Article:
Relationship Intelligence software lets organizations understand the strength of relationships that each team member has with the people and organizations that matter.
Relationship Intelligence is one of the hottest topics in sales today. We all know that sales comes down to trust, connection, and empathy; all aspects of relationships. However, it has historically been hard to quantify relationships. Our core sales systems, like CRM systems, don’t have a way to measure the strength of a relationship, and barely manage to have teams log raw activity.
Core sales systems don’t suffice and nor do social networks. Social networks like LinkedIn show a tangled web of connections where it seems that everyone is “connected” to everyone else, but as soon as you ask, you discover that the connection is from 8 years ago, and they have no idea who that person is.
True relationship intelligence relies on having instant access to accurate intelligence on real relationships where there is trust and familiarity. This intelligence needs to start from an objective measurement of relationship strength; relationship measurement should analyze how well two people are likely to know each other based on their full history together. This measurement needs to reflect the fact that true relationships are built across multiple jobs and involve many types of communication like emails, meetings, calls, and social interactions. Most importantly, this measurement needs to account for the fact that relationships decay if left unattended.
The era of the aggressive, spammy, outbound sales approach is clearly coming to a welcome end. Response rates are plummeting, buyers are growing increasingly frustrated, and tricks and gimmicks are losing any of their initial effectiveness. In its place, sales remains to be built on a combination of two things; a great solution that you’re selling, and strong relationships with buyers that allow the right conversations to take place.
The opportunity and the challenge that stems from this is that relationships are hard to build and maintain, and therefore rare. The organizations that are able to help their team build and maintain the right relationships, will have much more to draw from when it comes to selling. Even more crucially, the organizations that are able to allow each of their sales teams to discover and leverage the relationships that matter will be the organizations that thrive and outsell their competitors.
Awareness of every meaningful relationship that your organization has sounds like a great concept, but using that knowledge effectively is a science unto itself. Relationships within an organization differ across groups, and the best sales professionals use this to their advantage:
Service Organization Often a service or customer success organization will have tremendously deep relationships with practitioners and mid level managers. As those people change jobs they are very likely to show up at accounts that you are now trying to sell into. Knowing of the existence of these relationships is hugely valuable as they are often very willing to provide insights and coaching if asked by the person on your services team who knows them best.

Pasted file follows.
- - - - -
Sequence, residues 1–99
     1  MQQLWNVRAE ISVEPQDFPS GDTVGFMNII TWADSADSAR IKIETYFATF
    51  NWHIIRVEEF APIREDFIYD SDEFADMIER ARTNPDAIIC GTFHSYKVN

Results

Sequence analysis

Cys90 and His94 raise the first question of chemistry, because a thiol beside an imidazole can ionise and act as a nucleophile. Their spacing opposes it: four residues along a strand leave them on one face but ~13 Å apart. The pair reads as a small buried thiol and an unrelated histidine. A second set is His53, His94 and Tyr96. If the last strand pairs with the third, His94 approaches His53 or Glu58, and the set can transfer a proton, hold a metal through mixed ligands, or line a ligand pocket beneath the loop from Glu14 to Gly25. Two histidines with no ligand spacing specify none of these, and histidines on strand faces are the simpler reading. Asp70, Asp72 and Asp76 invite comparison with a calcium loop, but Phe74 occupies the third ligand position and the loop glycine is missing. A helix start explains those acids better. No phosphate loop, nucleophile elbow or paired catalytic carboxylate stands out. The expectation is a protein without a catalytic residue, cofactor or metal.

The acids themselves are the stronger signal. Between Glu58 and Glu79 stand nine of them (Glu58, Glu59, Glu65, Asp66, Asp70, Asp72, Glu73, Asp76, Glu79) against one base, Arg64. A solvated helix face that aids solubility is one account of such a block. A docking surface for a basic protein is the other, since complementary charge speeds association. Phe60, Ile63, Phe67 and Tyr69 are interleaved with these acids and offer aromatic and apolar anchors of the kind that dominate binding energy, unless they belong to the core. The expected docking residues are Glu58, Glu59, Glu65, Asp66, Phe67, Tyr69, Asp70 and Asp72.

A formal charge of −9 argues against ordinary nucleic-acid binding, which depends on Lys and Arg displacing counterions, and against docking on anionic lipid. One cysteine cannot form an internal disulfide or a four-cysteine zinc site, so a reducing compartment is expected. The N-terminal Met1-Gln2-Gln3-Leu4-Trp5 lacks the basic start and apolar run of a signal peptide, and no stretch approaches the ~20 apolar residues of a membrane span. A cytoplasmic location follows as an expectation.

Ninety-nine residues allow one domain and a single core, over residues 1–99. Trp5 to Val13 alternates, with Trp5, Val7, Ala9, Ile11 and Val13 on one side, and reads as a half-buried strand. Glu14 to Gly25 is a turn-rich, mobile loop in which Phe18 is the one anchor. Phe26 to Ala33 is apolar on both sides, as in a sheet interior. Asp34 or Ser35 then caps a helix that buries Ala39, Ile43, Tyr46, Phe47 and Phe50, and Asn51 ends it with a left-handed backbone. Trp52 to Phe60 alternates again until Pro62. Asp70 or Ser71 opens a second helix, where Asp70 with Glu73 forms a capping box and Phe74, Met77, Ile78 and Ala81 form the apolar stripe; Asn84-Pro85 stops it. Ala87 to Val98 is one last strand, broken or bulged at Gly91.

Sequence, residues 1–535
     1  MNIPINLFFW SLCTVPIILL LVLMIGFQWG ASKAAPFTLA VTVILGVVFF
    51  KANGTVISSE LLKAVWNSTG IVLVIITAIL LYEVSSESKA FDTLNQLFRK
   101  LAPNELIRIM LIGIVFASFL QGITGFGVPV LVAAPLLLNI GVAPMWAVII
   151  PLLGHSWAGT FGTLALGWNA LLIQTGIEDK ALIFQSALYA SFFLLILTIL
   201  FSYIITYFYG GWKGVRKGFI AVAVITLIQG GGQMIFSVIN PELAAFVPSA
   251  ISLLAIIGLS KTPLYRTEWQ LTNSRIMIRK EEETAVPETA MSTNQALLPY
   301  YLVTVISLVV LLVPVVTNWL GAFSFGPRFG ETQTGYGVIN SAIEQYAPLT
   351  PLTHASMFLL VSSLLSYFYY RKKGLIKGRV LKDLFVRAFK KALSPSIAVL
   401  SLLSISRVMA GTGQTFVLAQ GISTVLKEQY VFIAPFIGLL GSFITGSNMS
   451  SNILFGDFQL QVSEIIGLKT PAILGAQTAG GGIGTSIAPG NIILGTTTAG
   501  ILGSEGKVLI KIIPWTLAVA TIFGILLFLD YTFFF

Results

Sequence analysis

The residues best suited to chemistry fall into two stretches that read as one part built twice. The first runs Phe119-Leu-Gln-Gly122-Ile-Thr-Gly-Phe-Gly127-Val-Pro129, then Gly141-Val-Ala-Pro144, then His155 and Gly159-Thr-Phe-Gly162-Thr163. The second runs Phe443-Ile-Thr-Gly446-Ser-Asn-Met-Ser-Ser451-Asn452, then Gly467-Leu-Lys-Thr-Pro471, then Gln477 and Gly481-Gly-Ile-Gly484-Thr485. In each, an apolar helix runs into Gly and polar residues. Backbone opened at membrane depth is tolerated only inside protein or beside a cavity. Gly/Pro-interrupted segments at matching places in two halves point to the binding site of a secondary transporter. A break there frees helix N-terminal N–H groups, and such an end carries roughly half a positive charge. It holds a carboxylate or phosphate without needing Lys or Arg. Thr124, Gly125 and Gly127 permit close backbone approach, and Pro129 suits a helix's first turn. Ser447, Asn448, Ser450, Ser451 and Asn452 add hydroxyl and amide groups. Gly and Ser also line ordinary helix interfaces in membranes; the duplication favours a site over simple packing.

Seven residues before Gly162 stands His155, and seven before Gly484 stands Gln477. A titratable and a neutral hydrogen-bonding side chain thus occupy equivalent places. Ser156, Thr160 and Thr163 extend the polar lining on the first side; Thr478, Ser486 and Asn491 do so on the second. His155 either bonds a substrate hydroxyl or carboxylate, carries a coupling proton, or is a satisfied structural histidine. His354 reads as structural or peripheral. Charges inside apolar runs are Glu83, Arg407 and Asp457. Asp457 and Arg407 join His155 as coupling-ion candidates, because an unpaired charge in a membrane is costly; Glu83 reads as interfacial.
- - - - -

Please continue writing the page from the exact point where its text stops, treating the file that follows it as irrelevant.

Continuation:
Executives If your organization has executives or founders who are well known industry personalities, they will often have hundreds of relationships with execs and many of the target accounts you are hoping to access. Often, a simple name-drop opens doors, if your sales team is able to say “our founder knows your CMO”, and is confident, based on the relationship strength, that the CMO would confirm the relationship.
Connectors Your board of directors, board of advisors, customer advisory board, service partners, advocates and champions are often highly connected in the broader industry. These connectors can have ties to companies far beyond the reach of your core team. Selectively turning to them for introductions at key accounts can make a huge difference in your access to new deals at accounts you would have struggled to get into.
If your organization is able to track relationship strength across all your interactions, and use relationship intelligence to understand the dynamic of trust between your buyers and your team, you have an opportunity to significantly improve your ability to manage your team’s performance.
Typical sales management approaches rely on a combination of raw activity and funnel metrics. Raw activity such as emails and voicemails sent, does not provide any measure of relationships being developed. Funnel measurements, at the other end of the spectrum, are often too late and are a lagging indicator of your team’s success in building relationships and any opportunity to improve their effectiveness.
With relationship intelligence in place, it’s easy to look at deals in pipeline and understand, for each deal, whether you are single-threaded with a low-level decision maker. Any account that you don’t have the right organizational roles at the table, and strong relationships with senior decision makers in each of those roles is an account worth digging deeper on to understand if there’s a way to improve the chance of closing the deal.